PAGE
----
Inside Counsel: What businesses should do after King v. Burwell

Wellness Incentives EEOC ruling pending
With much of the uncertainty essentially lifted, employers can lay plans accordingly.

One important provision in the Affordable Care Act is the provision that allows employers to offer wellness incentives. In April, the EEOC published a proposed rule applying to employer wellness programs that are part of group health plans. (See our prior post: EEOC’s Proposed Rule on Employer Wellness Permits Incentives) The proposed rule offers guidance for employers who want to offer incentives for employees to participate in wellness programs or to achieve certain health outcomes. Allowable incentives may be up to 30 percent of the total cost of employee-only coverage or as high as 50% of the total cost of employee coverage for tobacco-related wellness programs.

By way of example EEOC notes:

“…if the total cost of coverage paid by both the employer and employee for self-only coverage is $5,000, the maximum incentive for an employee under that plan is $1,500.”

As part of its rule making, EEOC invited comments through June 19 and will issue a final rule at some future date.

Additional resources

EEOC Guidance: Redesigning Wellness Programs to Comply with the ADA

EEOC Issues Proposed Wellness Programs Rules under the ADA – Is Your Employer-Sponsored Wellness Program “Voluntary”?

King v. Burwell: Resources on the U.S. Supreme Court Case

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News briefs: Harassment; Firing for Medical Marijuana Use; Classifying Workers; & More

Colorado High Court Ok’s Firing of Worker For State-Authorized Use of Medical Marijuana – Thomas A. Robinson talks about Colorado’s recent Supreme Court decision in Coats v. Dish Network which upheld the employer’s firing of an employee for using marijuana. The employee is a quadripalegic who had been approved by the state for medical marijuana. Upon being discharged, the employee filed a wrongful termination suit, but the court found that “Employees who engage in an activity such as medical marijuana use that is permitted by state law but unlawful under federal law are accordingly not protected by the statute.”
Related: Workers Can Be Fired For Off-Duty Marijuana Use, Colorado Court Says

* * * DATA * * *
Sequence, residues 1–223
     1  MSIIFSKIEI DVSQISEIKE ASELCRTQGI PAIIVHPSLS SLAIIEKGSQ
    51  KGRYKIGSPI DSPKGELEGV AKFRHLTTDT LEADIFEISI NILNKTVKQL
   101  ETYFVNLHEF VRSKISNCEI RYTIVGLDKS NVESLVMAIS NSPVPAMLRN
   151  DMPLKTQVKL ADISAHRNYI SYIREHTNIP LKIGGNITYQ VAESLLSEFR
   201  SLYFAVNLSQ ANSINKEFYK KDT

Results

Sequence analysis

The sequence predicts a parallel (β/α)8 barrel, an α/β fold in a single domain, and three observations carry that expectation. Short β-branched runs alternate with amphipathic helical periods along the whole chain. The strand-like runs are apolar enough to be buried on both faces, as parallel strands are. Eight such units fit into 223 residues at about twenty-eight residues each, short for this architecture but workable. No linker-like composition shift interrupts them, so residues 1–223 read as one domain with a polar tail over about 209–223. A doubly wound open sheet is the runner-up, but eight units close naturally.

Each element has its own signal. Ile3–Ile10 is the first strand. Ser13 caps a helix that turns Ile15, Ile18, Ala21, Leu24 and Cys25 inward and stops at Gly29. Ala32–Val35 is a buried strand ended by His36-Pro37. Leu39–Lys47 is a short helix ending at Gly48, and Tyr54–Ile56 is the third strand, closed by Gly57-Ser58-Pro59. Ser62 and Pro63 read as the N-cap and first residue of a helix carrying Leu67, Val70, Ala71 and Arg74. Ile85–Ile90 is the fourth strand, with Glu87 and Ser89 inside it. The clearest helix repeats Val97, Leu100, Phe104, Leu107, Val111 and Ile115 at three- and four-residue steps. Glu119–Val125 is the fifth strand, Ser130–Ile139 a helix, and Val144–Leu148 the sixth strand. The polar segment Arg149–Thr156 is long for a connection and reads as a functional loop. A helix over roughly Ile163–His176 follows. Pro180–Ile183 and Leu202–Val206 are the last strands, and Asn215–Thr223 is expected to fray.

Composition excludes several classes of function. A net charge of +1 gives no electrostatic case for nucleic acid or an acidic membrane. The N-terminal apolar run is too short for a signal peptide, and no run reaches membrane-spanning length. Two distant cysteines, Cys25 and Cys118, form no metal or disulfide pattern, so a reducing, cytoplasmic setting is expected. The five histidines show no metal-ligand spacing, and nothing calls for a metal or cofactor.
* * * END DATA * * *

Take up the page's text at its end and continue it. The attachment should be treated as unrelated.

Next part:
Harassment “Must-haves” – Employment Law Attorney Robin Shea offers two excellent posts on “must haves” for your organization’s harassment effort. In the first post she identifies and discusses the following “must-have” critical components:

  1. An effective no-harassment policy
  2. Regular, high-quality harassment training
  3. Prompt, thorough, and fair investigations of harassment allegations
  4. Appropriate action based on whether the allegation is substantiated
  5. No retaliation

In a follow-on post she focuses on harassment investigations.

HR 101: Are You Classifying Your Independent Contractors Correctly? – Kevin Mason, TLNT: “What is the difference between an independent contractor and a W-2 employee, you ask? How employees are classified will affect how much a business pays in taxes, the amount of withholdings from employee’s paychecks and which tax documents need to be filed. Classifying employees correctly is a critical issue that business owners need to understand.
Incorrect classification can lead to large fines and penalties for failing to file the proper tax returns and paying employment taxes.”
Related: California court says an Uber driver deserves to be paid like a full-time employee

How to Cure Bad Bosses – At Switch & Shift, Shawn Murphy discusses the characteristics of bad bosses and suggests concrete steps that bad bosses can take to become better ones.

Are your HR programs too out of date to engage employees? – Dana Manciagli, Louisville Business First: “Over the past two decades, the workplace has changed drastically. We’re an information economy. Implementation of flexible work arrangements continues to rise (nearly 80 percent between 2005 and 2012 alone). Casual dress is de rigueur. Millennials have arrived with their talents, mobile phones, apps, devices and a desire for meaningful work.
Yet many companies haven’t adjusted benefits to reflect these shifts. In fact, according to a new report by Quantum Workplace and Limeade, there’s a huge disconnect between what employees want and what employers provide when it comes to benefits, perks and programs.”

How To Help Someone who Suffers a Loss In the Workplace – Michelle Apple, L.C.S.W. and Russ Pitts, TakeThis, Inc.: “Whether sudden or expected, tragic or peaceful, dealing with the loss of a friend or colleague is never easy. It is entirely normal to feel sad or even depressed after suffering a loss, and for some people a personal loss may make dealing with their existing mental health issues even more complicated.
Friends, family, and co-workers are the major supporters for those who experience a loss. They are the first line of defense. But many people worry they do not understand how to handle such situations, or how to offer help. There is also a great fear of saying or doing the wrong thing, or making someone’s suffering worse.
Here is a quick guide to helping someone positively cope with their grief>”

When Your Return to Work Process is Reminiscent of Herding Cats – Rene Gates, Blogging4Jobs: “Programs aimed at returning employees to work are oftentimes scattered in multiple departments and isolated by the type of employee absence. One department manages workers’ compensation, another manages disability claims, and your HR team manages FMLA absences, or it’s outsourced to a third party. Efforts to coordinate and integrate all of the data are oftentimes met with resistance because of these departmental “territories.” Unfortunately, those interested in collaboration often feel like they’re trying to herd a bunch of stray cats.”